Here in this southwest Chinese mountain village, artists and tech entrepreneurs coexist with wanderers and tarot card readers. Many are ex-city dwellers looking for something that is hard to come by in Communist China: a place where people may freely speak and share views.
During a conversation hosted by a Chinese journalist regarding the American stance on the Israel-Gaza conflict, a group of young adults in one co-working space posed questions about the impact of populism during the Trump era on U.S. media. Others talked about sexual harassment, art, and the listlessness of China’s youth in a neighboring cafe.
According to Minhua Ling, an expert on Chinese migration at the Geneva Graduate Institute, Dali’s Old Town district, which is administratively part of a city with a population of 650,000, has attracted cultural workers since the late 1990s. She added that Dali’s less restrictive policies during China’s zero COVID crackdown and the normalization of remote work have contributed to the district’s appeal.
WeChat searches for “Dali” increased by 7% in November compared to the same month the previous year. This was after a day in late July when many Chinese were making travel plans for the summer, when the search volume increased by almost 290%.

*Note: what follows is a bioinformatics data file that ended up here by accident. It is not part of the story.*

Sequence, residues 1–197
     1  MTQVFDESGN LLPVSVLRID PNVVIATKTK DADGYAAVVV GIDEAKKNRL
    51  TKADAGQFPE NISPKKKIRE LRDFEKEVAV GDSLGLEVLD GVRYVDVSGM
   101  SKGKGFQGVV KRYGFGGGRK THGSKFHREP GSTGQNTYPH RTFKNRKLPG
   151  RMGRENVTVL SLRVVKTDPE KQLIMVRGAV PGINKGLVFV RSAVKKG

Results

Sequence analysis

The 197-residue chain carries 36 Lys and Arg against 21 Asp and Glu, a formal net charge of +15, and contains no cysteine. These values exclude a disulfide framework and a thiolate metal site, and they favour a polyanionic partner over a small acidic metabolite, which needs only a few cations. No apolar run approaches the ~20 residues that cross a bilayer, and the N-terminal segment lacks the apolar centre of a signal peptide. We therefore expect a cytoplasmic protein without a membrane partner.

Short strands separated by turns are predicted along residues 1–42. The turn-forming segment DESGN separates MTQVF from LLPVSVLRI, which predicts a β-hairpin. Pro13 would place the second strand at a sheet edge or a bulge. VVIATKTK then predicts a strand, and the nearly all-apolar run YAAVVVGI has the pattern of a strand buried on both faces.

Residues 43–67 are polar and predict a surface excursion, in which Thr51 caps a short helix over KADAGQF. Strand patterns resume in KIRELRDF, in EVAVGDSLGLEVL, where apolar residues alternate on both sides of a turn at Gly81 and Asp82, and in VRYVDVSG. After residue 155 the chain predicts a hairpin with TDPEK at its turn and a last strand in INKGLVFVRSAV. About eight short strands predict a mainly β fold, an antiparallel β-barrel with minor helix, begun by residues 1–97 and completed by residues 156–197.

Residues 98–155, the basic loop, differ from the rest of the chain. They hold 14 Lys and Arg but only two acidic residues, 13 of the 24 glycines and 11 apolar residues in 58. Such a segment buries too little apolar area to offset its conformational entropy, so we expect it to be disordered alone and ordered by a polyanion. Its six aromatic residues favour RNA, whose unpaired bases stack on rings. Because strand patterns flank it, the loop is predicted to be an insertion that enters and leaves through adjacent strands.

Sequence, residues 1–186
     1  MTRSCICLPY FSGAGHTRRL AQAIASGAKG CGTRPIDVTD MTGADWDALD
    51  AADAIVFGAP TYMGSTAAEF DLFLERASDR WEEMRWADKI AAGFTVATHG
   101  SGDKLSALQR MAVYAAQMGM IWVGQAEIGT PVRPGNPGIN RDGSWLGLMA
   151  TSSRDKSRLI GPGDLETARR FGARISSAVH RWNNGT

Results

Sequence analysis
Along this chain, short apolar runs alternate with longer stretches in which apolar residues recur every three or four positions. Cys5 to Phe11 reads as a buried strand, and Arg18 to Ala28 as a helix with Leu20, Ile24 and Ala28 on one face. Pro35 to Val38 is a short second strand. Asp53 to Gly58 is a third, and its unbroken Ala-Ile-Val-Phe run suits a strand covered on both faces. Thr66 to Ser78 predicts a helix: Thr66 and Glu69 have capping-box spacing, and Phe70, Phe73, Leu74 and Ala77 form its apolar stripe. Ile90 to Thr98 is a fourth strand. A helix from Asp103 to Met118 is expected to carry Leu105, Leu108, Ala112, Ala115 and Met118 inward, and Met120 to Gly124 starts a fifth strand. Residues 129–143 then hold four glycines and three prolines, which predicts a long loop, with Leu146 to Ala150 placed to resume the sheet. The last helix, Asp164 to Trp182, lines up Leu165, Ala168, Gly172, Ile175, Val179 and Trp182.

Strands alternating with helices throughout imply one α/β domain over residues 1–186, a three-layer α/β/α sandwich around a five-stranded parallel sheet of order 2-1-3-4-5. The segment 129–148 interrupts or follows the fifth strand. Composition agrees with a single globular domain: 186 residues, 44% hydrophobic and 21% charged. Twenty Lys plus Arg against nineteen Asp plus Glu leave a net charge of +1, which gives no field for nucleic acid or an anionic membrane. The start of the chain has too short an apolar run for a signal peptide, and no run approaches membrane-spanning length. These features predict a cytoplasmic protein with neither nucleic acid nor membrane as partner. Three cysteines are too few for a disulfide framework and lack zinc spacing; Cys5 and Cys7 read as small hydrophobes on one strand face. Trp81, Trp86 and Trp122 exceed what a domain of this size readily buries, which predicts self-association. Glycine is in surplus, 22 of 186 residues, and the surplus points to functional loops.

Beijing has attempted to engage young people in “rural revitalization” as a response to the record-high youth unemployment that occurred this summer (when China ceased disclosing the data) and the stagnant rural population brought on by low fertility rates and urban migration.
Referring to his personal experiences during the Cultural Revolution, Xi has advised graduates to “return to their hometowns” and “actively seek hardships.” However, urban teenagers who have grown up with the promise of wealth but now struggle to achieve social mobility do not seem to find this message particularly convincing.
Dali is an exception to the young exodus to big cities that has occurred since China’s economic modernization, since many of the people asked by Reuters claimed to have found an escape from the traditional social ideals of rural China.
In September, Bai left her position in the government to become an online astrologer and relocated to Dali. She lives in a three-story home with her partner, three cats, and a friend. “My living situation provides enough space to develop my career and personal life without interference from others,” she claims.
She also cited Dali’s nickname “Ideal Kingdom”,” which is a pun on the Chinese characters and alludes to its status as an autonomous state in the tenth century, adding to its appeal.
In response to the growing official calls for marriage amid China’s population crisis, Chen Zhengyun, 37, the founder of a recruitment business, claimed that living in Dali released him from social pressure to enter into marriage at a young age.
The concentration of like-minded young people, social gatherings, and tolerance for other lifestyles, Chen said, allowed him to explore open relationships. “There are some personal topics that you can’t bring up elsewhere that you can talk about here,” he said.